13. The Dylan catalog, a 60-year rock 'n' roll odyssey, is sold -

NEW YORK (AP) — To many music lovers, Bob Dylan's songbook is priceless. Well, now he's put a price on it.

The Nobel Prize-winning songwriter has sold publishing rights to his catalog of more than 600 songs, one of the greatest treasures in popular music, to the Universal Music Publishing Group, it was announced on Monday.

14. Top Davidson County residential sales for October 2020 -

Top residential real estate sales, October 2020, for Davidson County, as compiled by Chandler Reports.

Chandler Reports has been publishing Real Estate Market Data since 1968. That year, Chandler began collecting residential sales information for the Chandler Residential Report, considered the authoritative source for residential real estate sales information. Over the next three decades, the publications have been continually refined, enhanced and expanded, growing to include lot sales data, new residential construction and absorption information, and commercial sales. In 1987, Chandler Reports began one of the first on–line real estate market data services in the country, and is a nationally recognized leader in the industry. In 2004, Chandler Reports was purchased by The Daily News Publishing Co. In 2007, Chandler introduced RegionPlus, including property research for Nashville and Middle Tennessee. Visit online at chandlerreports.com.

15. Trump, Biden appeal to Catholics at virtual charity dinner -

WASHINGTON (AP) — President Donald Trump and former Vice President Joe Biden appealed to the nation's Roman Catholic voters on Thursday during a charity dinner that traditionally has been used to promote collegiality and good humor.

16. 200,000 dead as Trump vilifies science, prioritizes politics -

NEW YORK (AP) — "I did the best I could," President Donald Trump said. Huddled with aides in the West Wing last week, his eyes fixed on Fox News, Trump wasn't talking about how he had led the nation through the deadliest pandemic in a century. In a conversation overheard by an Associated Press reporter, Trump was describing how he'd just publicly rebuked one of his top scientists — Dr. Robert Redfield, a virologist and head of the U.S. Centers for Disease Control and Prevention.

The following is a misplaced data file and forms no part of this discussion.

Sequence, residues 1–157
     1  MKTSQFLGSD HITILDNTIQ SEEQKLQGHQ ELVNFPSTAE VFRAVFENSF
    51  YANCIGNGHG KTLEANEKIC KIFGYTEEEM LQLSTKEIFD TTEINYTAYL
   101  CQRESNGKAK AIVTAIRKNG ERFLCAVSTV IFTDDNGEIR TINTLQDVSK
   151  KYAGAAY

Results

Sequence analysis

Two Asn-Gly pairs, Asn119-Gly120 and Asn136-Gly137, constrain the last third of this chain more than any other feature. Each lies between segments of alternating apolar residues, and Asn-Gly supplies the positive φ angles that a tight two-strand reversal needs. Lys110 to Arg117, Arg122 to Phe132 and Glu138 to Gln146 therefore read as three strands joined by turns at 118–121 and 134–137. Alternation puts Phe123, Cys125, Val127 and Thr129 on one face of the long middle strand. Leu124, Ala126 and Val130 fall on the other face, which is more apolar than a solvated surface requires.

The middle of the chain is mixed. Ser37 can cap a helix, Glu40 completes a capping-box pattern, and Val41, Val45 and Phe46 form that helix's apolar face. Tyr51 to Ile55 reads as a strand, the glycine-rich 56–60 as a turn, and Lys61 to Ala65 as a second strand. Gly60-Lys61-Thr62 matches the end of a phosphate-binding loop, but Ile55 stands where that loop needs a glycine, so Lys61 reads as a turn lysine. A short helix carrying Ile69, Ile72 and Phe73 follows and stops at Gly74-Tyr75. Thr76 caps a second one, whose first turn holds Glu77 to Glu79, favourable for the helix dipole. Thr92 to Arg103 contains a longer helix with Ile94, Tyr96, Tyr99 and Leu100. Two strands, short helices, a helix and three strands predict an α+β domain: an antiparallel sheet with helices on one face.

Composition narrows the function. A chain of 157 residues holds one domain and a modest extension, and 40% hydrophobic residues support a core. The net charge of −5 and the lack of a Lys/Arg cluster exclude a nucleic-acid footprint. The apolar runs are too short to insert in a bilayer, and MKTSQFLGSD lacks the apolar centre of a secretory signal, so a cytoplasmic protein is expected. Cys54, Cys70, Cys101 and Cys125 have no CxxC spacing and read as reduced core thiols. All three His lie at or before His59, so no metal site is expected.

17. AP FACT CHECK: Trump's made-up car plants, court revisionism -

WASHINGTON (AP) — President Donald Trump and his GOP allies are playing loose with the facts when it comes to a successor for the late Justice Ruth Bader Ginsburg.

Seeking to justify a possible confirmation vote before the Nov. 3 election, Trump asserted over the weekend that many high court nominations were made in an election year and "in all cases, they went forward." That's clearly not true.

18. Book: Trump said of virus, 'I wanted to always play it down' -

WASHINGTON (AP) — President Donald Trump talked in private about the "deadly" coronavirus last February, even as he was declaring to America it was no worse than the flu and insisting it was under control, according to a new book by journalist Bob Woodward. Trump said Wednesday he was just being a "cheerleader" for the nation and trying to keep everyone calm.

19. Book: Trump said of virus, 'I wanted to always play it down' -

WASHINGTON (AP) — President Donald Trump talked in private about the "deadly" coronavirus last February, even as he was declaring to America it was no worse than the flu and insisting it was under control, according to a new book by journalist Bob Woodward. Trump said Wednesday he was just being a "cheerleader" for the nation and trying to keep everyone calm.

20. Book: Trump said of virus, 'I wanted to always play it down' -

WASHINGTON (AP) — President Donald Trump talked privately about the severity of the coronavirus threat even as he was telling the nation that the virus was no worse than the seasonal flu and insisting that the U.S. government had it totally under control, according to a new book by journalist Bob Woodward.

21. 1.48M more workers seek US jobless aid -

WASHINGTON (AP) — The number of laid-off workers seeking U.S. unemployment benefits dipped only slightly last week, and the economy shrank in the first three months of the year — evidence of the ongoing economic damage being inflicted by the viral pandemic.

22. AP-NORC poll: Nearly all in US back criminal justice reform -

WASHINGTON (AP) — Americans overwhelmingly want clear standards on when police officers may use force and consequences for officers who do so excessively, according to a new poll that finds nearly all Americans favor at least some level of change to the nation's criminal justice system.

23. Video app TikTok names top Disney streaming exec as new CEO -

TikTok, the popular short-video app that has also drawn national-security and privacy concerns, has a new high-profile CEO from Disney, Kevin Mayer.

24. Top Middle Tennessee residential sales for November 2019 -

Top residential real estate sales, November 2019, for Davidson, Williamson, Rutherford, Wilson and Sumner counties, as compiled by Chandler Reports.

25. Essra Mohawk lived sex, drugs and rock 'n roll life -